I learned that if extraordinary light is not present then nothing magical will happen. You have to have great light. Light is to landscape photography what ingredients are to cooking. For a top chef having the best fresh ingredients is essential. Recipes, pots and pans and all the other trimmings of professional cooking, while important, are nothing without fresh ingredients. Everything starts with what you are going to cook, not with how you are going to cook it. In fine art cooking ingredients come first, recipes second and cooking skills third. In fine art photography, it all starts with light. You want the best light you can find.
Talking About You
What is the location or the event that made you want to take your photography to the next level? What made you commit to taking your photography seriously and create images you are proud of? Which location motivates you to create images that express your passion, your style, your vision? Which location inspires you to create images that are more than documentary records of the places you visit? Is there a specific location that transformed how you look at landscape photography? Is there a specific event that boosted your passion for photography? Was it receiving an award, doing your first art show, or making your first print sale? Was it a compliment from a friend or someone meaningful to you?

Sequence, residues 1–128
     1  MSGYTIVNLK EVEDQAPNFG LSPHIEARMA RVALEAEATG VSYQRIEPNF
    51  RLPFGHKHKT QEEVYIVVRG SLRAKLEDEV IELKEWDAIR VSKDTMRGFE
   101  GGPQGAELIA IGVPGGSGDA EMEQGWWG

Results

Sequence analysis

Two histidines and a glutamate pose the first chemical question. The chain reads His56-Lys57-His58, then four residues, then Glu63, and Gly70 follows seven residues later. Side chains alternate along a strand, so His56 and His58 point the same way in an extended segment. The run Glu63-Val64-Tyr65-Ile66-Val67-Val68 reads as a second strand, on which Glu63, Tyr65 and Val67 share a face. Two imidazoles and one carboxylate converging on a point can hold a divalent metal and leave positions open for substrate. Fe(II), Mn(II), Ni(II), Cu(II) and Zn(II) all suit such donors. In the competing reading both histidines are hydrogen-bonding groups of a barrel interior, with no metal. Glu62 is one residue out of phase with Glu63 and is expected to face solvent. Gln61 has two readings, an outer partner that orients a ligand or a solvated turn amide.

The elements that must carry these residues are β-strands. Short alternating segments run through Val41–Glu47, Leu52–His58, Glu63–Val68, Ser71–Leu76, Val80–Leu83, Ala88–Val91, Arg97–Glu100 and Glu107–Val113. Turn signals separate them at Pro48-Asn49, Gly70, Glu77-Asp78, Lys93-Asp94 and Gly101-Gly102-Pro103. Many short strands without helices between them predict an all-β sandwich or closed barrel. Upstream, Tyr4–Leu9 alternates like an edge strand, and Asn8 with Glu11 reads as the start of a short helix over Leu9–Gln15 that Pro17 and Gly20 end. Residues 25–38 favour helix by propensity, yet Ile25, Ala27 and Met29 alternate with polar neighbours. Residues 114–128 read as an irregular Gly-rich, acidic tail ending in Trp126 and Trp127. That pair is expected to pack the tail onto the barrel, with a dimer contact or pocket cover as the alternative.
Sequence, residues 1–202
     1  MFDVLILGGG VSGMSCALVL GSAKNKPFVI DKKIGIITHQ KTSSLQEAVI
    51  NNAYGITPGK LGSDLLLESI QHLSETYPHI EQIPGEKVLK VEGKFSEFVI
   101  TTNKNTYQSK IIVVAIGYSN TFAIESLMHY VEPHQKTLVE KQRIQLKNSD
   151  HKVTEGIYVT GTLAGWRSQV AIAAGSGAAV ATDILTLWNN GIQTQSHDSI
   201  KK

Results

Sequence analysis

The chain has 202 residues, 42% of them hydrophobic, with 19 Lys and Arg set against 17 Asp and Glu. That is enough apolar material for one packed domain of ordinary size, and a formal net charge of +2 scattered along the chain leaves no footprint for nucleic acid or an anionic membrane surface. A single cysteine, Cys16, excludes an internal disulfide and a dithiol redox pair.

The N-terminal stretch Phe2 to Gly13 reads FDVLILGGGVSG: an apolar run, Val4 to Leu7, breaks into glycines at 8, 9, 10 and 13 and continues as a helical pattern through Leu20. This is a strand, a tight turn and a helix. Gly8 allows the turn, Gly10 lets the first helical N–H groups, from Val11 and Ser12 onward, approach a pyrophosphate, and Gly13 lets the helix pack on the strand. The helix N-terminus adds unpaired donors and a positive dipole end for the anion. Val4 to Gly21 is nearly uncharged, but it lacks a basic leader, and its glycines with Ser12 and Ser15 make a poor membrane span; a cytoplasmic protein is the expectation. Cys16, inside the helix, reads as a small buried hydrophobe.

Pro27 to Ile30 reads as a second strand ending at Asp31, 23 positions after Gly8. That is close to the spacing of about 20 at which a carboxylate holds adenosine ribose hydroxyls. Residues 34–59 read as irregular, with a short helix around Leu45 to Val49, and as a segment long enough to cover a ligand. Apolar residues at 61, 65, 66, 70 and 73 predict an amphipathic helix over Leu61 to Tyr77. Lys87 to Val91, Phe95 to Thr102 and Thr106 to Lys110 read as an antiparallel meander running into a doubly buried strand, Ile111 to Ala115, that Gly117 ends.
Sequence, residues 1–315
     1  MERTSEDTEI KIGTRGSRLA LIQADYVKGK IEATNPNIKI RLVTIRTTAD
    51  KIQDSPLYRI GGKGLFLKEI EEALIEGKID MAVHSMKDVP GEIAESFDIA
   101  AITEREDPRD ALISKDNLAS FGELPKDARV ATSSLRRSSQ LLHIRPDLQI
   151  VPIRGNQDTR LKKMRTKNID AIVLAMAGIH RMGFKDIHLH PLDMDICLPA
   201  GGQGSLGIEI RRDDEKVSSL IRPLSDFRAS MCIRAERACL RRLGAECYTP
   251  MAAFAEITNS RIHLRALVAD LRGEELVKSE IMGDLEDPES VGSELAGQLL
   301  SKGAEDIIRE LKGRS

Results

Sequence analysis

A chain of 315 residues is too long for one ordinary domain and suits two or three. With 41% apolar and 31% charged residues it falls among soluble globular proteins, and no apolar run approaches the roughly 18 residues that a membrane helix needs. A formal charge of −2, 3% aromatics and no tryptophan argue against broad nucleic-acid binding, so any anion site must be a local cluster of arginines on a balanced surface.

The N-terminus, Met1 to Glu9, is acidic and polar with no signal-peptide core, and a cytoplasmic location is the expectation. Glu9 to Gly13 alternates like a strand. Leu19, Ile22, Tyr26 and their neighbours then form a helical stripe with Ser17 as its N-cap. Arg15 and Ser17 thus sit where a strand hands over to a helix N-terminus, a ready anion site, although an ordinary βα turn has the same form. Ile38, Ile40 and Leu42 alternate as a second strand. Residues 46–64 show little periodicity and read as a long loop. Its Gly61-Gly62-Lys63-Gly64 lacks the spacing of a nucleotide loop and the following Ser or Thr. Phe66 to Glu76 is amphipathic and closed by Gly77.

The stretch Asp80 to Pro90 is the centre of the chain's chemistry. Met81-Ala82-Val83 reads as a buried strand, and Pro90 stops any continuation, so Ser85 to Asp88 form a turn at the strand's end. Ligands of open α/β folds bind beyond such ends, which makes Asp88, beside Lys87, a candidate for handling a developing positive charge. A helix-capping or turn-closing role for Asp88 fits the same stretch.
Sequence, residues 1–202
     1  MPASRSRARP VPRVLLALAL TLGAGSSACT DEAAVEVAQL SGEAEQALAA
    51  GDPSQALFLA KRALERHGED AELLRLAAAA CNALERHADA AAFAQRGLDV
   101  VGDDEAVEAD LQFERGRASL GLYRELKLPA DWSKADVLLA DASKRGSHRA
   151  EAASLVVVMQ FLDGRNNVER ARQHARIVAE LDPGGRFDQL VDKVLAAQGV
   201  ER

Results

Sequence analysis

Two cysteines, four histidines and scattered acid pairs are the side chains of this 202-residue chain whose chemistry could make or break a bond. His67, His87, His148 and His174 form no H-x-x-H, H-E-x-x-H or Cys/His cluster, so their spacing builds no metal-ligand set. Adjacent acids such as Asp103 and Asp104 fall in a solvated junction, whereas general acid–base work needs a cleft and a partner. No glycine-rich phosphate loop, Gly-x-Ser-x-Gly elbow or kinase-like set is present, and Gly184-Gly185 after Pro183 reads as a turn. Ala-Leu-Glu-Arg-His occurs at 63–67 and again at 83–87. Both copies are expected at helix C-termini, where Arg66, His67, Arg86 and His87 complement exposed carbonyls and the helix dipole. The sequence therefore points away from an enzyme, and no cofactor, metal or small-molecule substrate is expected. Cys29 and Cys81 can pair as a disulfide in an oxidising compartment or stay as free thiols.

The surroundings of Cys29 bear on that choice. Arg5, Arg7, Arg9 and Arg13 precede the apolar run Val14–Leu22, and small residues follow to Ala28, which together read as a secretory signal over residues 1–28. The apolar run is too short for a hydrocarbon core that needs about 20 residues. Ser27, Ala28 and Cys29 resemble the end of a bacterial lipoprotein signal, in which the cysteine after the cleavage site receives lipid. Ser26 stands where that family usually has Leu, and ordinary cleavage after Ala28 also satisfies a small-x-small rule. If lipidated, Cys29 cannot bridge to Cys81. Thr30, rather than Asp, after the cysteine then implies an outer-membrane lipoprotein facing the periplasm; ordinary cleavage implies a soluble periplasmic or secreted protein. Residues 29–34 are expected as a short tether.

Take pen and paper and write down three events or locations, or three things that happened to you as a photographer that transformed how you approach photography today. I would love to read what was the one thing that boosted your passion for photography so if you want to share it with me, if you feel like emailing me what you wrote, please do so. I would very much enjoy reading it.
About Alain Briot
I create fine art photographs, teach workshops with Natalie and offer Mastery Tutorials on composition, image conversion, optimization, printing, business, and marketing. I am the author of Mastering Landscape Photography, Mastering Photographic Composition, Creativity and Personal Style, Marketing Fine Art Photography and How Photographs are Sold. All 4 books are available in eBook format on our website at this LINK. Free samples are available so you can see the quality of these books for yourself.
You can find more information about our workshops, photographs, writings, and tutorials as well as subscribe to our Free Monthly Newsletter on our website. You will receive 40 free eBooks when you subscribe.
Studying Fine Art Photography with Alain and Natalie Briot
If you enjoyed this essay you will enjoy attending a workshop with us. I lead workshops with my wife Natalie to the most photogenic locations in the US Southwest. Our workshops focus on the artistic aspects of photography. While we do teach technique, we do so for the purpose of creating artistic photographs. Our goal is to help you create photographs that you will be proud of and that will be unique to you. The locations we photograph include Navajoland, Antelope Canyon, Monument Valley, Zion, the Grand Canyon, and many others. Our workshops listing is available at this LINK.
* The information about Bill Ratcliffe was provided by Daniel Smith over email.
Author of Mastering Landscape Photography,Mastering Composition, Creativity and Personal Style, Marketing Fine Art Photography, and How Photographs are Sold. http://www.beautiful-landscape.com [email protected]